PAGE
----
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Death in Holy Orders
Cover of Death in Holy Orders
Death in Holy Orders
Inspector Adam Dalgliesh Series, Book 11
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The setting itself is elemental P. D. James: the bleak coast of East Anglia, where atop a sweep of low cliffs stands the small theological college of St. Anselm's. On the shore not far away, smothered beneath a fall of sand, lies the body of one of the school's young ordinands. He is the son of Sir Alred Treves, a hugely successful and flamboyant businessman who is accustomed to getting what he wants—and in this case what he wants is Commander Adam Dalgliesh to investigate his son's death. Although there seems to be little to investigate, Dalgliesh agrees, largely out of nostal-gia for several happy summers he spent at St. Anselm's as a boy. No sooner does he arrive, however, than the college is torn apart by a sacrilegious and horrifying murder, and Dalgliesh finds himself ineluctably drawn into the labyrinth of an intricate and violent mystery.
Here P. D. James once more demonstrates her unrivalled skill in building a classic detective story into a fully realized novel, gripping as much for its psychological and emotional richness as for the originality and complexity of its plotting—and, of course, for the horror and suspense at its heart. Filled with unforgettable characters, brilliant in its evocation of the East Anglian scene and the religious background against which the action takes place, Death in Holy Orders again offers proof, if proof were needed, that P. D. James is not only the reigning master of the crime novel but also, simply, one of the finest novelists writing today.
From the Hardcover edition.
The setting itself is elemental P. D. James: the bleak coast of East Anglia, where atop a sweep of low cliffs stands the small theological college of St. Anselm's. On the shore not far away, smothered beneath a fall of sand, lies the body of one of the school's young ordinands. He is the son of Sir Alred Treves, a hugely successful and flamboyant businessman who is accustomed to getting what he wants—and in this case what he wants is Commander Adam Dalgliesh to investigate his son's death. Although there seems to be little to investigate, Dalgliesh agrees, largely out of nostal-gia for several happy summers he spent at St. Anselm's as a boy. No sooner does he arrive, however, than the college is torn apart by a sacrilegious and horrifying murder, and Dalgliesh finds himself ineluctably drawn into the labyrinth of an intricate and violent mystery.
Here P. D. James once more demonstrates her unrivalled skill in building a classic detective story into a fully realized novel, gripping as much for its psychological and emotional richness as for the originality and complexity of its plotting—and, of course, for the horror and suspense at its heart. Filled with unforgettable characters, brilliant in its evocation of the East Anglian scene and the religious background against which the action takes place, Death in Holy Orders again offers proof, if proof were needed, that P. D. James is not only the reigning master of the crime novel but also, simply, one of the finest novelists writing today.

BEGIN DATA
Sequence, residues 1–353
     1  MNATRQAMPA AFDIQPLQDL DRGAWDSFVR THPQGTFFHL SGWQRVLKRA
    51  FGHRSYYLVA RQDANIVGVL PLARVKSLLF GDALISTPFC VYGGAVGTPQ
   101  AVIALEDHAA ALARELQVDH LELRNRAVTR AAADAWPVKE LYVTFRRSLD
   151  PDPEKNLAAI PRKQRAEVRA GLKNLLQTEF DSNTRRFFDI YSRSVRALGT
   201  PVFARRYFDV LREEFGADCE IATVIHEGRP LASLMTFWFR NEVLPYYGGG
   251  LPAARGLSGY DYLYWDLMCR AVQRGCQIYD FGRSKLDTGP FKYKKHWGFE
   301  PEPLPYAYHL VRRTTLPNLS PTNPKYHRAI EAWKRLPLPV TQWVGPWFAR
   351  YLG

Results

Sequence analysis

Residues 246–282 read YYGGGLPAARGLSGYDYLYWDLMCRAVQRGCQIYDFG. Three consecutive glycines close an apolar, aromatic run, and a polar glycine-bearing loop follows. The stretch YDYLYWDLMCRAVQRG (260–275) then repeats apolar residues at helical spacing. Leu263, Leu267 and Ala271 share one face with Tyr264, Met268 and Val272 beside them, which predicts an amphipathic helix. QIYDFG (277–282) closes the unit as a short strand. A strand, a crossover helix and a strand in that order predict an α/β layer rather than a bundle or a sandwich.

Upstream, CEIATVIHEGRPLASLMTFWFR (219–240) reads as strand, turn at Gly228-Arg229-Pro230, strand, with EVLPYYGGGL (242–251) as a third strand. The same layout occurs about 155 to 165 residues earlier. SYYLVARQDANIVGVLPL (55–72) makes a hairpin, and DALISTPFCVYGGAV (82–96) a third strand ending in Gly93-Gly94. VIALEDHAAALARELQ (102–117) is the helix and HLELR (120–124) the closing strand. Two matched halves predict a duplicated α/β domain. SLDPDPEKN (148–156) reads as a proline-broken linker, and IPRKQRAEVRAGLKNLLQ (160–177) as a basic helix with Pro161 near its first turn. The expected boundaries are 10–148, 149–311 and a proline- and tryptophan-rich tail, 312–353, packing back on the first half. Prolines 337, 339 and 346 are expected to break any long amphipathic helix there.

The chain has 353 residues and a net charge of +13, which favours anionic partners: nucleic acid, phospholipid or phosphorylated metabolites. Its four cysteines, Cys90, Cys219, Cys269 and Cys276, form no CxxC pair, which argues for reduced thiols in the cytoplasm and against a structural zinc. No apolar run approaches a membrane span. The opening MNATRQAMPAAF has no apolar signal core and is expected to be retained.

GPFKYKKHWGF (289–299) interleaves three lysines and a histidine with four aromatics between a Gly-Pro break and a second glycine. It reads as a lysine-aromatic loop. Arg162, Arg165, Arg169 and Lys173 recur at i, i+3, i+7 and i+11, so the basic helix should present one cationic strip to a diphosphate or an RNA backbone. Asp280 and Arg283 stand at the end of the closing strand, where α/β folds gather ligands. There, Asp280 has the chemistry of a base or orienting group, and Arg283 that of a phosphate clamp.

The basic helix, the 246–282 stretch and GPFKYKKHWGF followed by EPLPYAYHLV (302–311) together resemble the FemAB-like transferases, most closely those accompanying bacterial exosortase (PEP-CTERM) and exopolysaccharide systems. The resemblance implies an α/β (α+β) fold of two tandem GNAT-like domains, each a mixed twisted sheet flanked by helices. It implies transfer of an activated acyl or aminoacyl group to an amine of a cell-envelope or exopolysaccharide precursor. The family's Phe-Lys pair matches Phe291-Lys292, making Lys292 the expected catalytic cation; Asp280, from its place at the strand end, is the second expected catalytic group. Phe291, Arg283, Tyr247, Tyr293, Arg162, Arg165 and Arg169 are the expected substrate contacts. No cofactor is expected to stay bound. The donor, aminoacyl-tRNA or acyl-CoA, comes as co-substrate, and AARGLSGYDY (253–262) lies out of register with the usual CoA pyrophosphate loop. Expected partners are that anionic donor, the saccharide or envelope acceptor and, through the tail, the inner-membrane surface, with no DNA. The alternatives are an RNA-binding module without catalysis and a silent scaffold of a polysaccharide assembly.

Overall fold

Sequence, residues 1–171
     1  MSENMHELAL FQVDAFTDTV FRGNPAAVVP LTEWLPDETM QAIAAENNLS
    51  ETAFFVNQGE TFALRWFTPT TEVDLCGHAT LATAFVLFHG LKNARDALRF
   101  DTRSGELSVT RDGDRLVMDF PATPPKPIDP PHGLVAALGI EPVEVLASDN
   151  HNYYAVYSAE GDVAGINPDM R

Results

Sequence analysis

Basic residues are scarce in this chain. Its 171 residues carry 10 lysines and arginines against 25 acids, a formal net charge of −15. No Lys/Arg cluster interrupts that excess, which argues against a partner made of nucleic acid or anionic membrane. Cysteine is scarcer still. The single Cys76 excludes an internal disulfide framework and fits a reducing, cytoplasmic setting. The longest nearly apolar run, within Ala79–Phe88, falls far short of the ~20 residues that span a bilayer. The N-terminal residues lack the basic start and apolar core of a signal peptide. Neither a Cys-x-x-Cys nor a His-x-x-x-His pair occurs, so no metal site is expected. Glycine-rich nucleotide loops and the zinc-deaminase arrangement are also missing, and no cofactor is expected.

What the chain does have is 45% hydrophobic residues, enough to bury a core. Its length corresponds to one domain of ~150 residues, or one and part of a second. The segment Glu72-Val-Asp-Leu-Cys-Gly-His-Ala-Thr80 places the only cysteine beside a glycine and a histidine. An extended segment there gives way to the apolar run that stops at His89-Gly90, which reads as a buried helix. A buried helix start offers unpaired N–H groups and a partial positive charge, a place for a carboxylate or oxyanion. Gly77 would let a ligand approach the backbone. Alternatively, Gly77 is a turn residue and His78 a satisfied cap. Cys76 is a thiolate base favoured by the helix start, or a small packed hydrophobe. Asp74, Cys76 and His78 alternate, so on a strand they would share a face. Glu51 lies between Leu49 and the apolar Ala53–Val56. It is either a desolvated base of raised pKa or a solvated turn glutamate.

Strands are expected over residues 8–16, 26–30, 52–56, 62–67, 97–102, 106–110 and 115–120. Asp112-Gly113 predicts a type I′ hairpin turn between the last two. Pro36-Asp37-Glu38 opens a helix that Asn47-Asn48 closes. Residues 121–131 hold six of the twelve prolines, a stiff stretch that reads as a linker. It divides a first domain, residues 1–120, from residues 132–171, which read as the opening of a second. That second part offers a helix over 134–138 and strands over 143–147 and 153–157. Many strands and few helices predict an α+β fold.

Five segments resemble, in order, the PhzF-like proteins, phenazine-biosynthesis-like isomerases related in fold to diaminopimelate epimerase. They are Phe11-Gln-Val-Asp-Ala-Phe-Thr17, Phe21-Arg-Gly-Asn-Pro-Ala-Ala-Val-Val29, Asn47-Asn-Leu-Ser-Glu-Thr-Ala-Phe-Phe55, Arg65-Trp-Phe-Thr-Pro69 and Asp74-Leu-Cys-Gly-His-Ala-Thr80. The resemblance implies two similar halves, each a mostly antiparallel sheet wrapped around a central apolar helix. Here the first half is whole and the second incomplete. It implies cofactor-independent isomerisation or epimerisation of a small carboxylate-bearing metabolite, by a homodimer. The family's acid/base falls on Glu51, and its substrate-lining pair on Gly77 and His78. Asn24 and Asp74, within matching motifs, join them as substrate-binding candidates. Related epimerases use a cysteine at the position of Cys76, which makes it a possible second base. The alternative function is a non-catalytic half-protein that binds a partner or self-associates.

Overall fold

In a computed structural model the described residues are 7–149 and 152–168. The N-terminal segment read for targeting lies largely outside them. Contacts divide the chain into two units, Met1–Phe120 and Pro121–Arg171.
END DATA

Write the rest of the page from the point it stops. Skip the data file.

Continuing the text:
From the Hardcover edition.
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  • From the book

    BOOK ONE

    The Killing Sand

    1.

    It was Father Martin's idea that I should write an account of how I found the body.

    I asked, "You mean, as if I were writing a letter, telling it to a friend?"

    Father Martin said, "Writing it down as if it were fiction, as if you were standing outside yourself, watching it happen, remembering what you did, what you felt, as if it were all happening to someone else."

    I knew what he meant, but I wasn't sure I knew where to begin. I said, "Everything that happened, Father, or just that walk along the beach, uncovering Ronald's body?"

    "Anything and everything you want to say. Write about the college and about your life here if you like. I think you might find it helpful."

    "Did you find it helpful, Father?"

    I don't know why I spoke these words, they just came into my mind and I let them out. It was silly really, and in a way it was impertinent, but he didn't seem to mind.

    After a pause he said, "No, it didn't really help me, but then, it was all a very long time ago. I think it might be different for you."

    I suppose he was thinking about the war and being taken prisoner by the Japanese, the awful events that happened in the camp. He never speaks about the war, but then, why should he do so to me? But I don't think he speaks to anyone, not even to the other priests.

    This conversation happened two days ago, when we were walking together through the cloisters after Evensong. I don't go to Mass any more, not since Charlie died, but I do go to Evensong. It's a matter of courtesy really. It doesn't seem right working at the college, taking money from them, accepting all their kindness and never attending any of the services in the church. But perhaps I'm being too sensitive. Mr. Gregory lives in one of the cottages, as I do, and teaches Greek part-time, but he never attends church except when there is music he wants to hear. No one ever presses me to attend, they never even asked why I stopped coming to Mass. But of course they noticed; they notice everything.

    When I got back to my cottage I thought about what Father Martin had said and whether perhaps it might not be a good idea. I've never had any difficulty about writing. At school I was good at composition and Miss Allison, who taught us English, said she thought I might have the talent to be a writer. But I knew that she was wrong. I haven't any imagination, not the kind novelists need. I can't make things up. I can only write about what I see and do and know--and sometimes what I feel, which isn't as easy. Anyway, I always wanted to be a nurse, even from childhood. I'm sixty-four and retired now, but I still keep my hand in here at St. Anselm's. I'm partly the Matron, dealing with minor illnesses, and I also look after the linen. It's an easy job but I've got a weak heart and I'm lucky to be working. The college make it as easy as possible for me. They've even provided a lightweight trolley so that I'm not tempted to carry heavy bundles of linen. I ought to have said all this before. And I haven't even written down my name. It's Munroe, Margaret Munroe.